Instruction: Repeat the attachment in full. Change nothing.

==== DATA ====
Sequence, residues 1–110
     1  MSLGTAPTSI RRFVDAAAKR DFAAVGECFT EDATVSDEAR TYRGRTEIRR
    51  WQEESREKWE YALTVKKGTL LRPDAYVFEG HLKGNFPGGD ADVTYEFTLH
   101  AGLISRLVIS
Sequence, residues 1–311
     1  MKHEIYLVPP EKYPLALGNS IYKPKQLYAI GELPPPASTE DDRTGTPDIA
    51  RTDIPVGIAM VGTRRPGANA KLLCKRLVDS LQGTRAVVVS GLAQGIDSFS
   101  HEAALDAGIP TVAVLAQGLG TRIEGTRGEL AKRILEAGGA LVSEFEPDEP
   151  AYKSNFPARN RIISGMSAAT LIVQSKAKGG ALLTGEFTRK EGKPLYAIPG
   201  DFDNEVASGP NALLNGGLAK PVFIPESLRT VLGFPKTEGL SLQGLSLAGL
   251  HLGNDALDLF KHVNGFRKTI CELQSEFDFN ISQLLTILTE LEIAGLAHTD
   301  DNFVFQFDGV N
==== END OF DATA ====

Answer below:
Sequence, residues 1–110
     1  MSLGTAPTSI RRFVDAAAKR DFAAVGECFT EDATVSDEAR TYRGRTEIRR
    51  WQEESREKWE YALTVKKGTL LRPDAYVFEG HLKGNFPGGD ADVTYEFTLH
   101  AGLISRLVIS
Sequence, residues 1–311
     1  MKHEIYLVPP EKYPLALGNS IYKPKQLYAI GELPPPASTE DDRTGTPDIA
    51  RTDIPVGIAM VGTRRPGANA KLLCKRLVDS LQGTRAVVVS GLAQGIDSFS
   101  HEAALDAGIP TVAVLAQGLG TRIEGTRGEL AKRILEAGGA LVSEFEPDEP
   151  AYKSNFPARN RIISGMSAAT LIVQSKAKGG ALLTGEFTRK EGKPLYAIPG
   201  DFDNEVASGP NALLNGGLAK PVFIPESLRT VLGFPKTEGL SLQGLSLAGL
   251  HLGNDALDLF KHVNGFRKTI CELQSEFDFN ISQLLTILTE LEIAGLAHTD
   301  DNFVFQFDGV N